5. God Rest Ye Merry Gentlemen – A basically unison first couple of lines to the first verse lead to traditional four part harmony on the rest of the verse. The next verse has some nice point-counterpoint singing, leading to a round on the next section, building to a power high ending. A great arrangement, that the group actually continued to stage for years after.
  6. Joy To The World – Brilliant arrangement with some canon sections, solo and two part sections that lead to a very broad, majestic performance of the last verse that ends very sweetly.
  7. We Three Kings – Great minor key arrangement with a great bass vocal by George Younce. George especially shines on his solo performance of the second verse. The third verse really ratchets up the harmony with an incredible modulation into the chorus. Another brilliant modulation into the tag is a perfect ending to the song. Great arrangement and performance.
  8. Oh Little Town Of Bethlehem – Beautiful arrangement. This song hearkens back to some of the harmonies on the “Voices In Praise” album with Kirk Talley. Some nice unison and two part lines that cascade into four part. The ending of this song always puzzled me though. They build through the last verse, with great vocals, then Glen repeats the last line solo, which always just seemed odd to me.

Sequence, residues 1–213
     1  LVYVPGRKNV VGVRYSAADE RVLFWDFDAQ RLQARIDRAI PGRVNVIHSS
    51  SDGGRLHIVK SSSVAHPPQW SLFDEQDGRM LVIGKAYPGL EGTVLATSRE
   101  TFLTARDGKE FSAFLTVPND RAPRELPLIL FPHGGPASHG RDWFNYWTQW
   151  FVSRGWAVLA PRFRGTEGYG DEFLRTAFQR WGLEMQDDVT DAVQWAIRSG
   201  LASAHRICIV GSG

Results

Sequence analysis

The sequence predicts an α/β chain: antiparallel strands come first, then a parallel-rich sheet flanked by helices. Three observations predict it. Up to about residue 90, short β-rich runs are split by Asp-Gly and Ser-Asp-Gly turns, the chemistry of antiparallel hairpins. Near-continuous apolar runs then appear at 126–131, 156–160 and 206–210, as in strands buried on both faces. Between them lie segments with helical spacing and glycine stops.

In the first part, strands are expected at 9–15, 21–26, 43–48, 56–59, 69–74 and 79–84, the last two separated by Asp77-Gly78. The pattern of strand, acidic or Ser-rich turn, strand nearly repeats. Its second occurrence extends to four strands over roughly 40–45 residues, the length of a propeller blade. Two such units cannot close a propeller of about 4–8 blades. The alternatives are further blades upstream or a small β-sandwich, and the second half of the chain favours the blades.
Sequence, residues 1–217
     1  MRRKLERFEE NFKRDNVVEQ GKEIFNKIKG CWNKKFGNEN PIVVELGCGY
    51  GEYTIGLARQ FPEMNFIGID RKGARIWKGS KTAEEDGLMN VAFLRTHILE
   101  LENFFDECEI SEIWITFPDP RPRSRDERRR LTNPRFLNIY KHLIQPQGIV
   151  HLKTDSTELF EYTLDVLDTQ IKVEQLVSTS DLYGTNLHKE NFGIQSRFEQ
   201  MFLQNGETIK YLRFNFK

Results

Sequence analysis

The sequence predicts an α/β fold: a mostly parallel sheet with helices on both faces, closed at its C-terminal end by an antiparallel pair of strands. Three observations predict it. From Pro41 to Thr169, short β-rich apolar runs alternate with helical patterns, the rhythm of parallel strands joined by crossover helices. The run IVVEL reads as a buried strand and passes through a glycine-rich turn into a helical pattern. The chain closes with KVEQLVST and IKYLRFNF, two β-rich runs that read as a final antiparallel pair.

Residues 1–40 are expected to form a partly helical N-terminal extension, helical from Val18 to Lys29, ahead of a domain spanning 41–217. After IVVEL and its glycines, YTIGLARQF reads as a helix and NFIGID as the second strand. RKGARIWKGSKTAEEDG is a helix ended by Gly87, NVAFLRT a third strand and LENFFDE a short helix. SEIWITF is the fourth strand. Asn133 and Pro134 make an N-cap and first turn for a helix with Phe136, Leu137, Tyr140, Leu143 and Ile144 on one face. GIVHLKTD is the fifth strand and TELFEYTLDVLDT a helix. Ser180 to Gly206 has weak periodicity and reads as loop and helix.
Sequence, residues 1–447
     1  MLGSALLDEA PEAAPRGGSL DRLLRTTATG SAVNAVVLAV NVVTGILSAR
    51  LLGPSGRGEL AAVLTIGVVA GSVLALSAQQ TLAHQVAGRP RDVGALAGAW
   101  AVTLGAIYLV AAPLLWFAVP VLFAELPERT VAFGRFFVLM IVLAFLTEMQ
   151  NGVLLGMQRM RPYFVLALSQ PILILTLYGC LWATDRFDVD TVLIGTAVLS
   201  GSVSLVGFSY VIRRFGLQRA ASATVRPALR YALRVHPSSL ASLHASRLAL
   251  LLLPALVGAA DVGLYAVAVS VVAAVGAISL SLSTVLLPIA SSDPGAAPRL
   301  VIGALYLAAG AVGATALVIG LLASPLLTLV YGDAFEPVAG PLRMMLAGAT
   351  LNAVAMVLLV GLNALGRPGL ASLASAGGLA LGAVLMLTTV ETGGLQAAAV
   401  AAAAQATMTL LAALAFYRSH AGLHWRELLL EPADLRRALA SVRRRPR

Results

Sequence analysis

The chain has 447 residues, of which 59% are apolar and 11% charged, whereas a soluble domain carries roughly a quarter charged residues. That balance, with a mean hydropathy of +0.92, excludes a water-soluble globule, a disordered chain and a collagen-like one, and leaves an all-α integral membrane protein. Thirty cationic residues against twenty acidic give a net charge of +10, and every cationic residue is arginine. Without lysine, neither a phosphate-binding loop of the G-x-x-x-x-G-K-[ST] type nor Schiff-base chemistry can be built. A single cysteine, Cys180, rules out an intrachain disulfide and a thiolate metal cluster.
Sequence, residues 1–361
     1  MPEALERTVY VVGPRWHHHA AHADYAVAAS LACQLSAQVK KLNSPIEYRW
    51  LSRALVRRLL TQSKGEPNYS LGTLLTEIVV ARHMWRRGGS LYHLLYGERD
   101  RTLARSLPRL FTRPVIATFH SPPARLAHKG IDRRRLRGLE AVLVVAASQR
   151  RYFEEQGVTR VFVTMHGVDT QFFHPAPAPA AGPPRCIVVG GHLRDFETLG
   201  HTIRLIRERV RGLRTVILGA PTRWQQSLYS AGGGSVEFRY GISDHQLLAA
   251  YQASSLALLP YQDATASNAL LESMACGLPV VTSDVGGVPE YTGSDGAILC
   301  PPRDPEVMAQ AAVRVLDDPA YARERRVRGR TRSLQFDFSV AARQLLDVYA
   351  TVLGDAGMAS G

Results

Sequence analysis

9. Kids Medley – A fun conglomeration of Christmas Time’s A Comin’ wrapped around Santa Claus Is Coming To Town and Jingle Bells. A nice modulation and repeat of Christmas Time’s A Comin’ lead to a power high ending again. This is short, but has some really nice harmony and unexpected chords even through the fun songs. On a personal note, my 2 year old son LOVES this song, and when it comes on while we are driving, we are forced to repeat it numerous times for him. At just over a minute and a half in length, it doesn’t last very long, which means lots of repeats…. .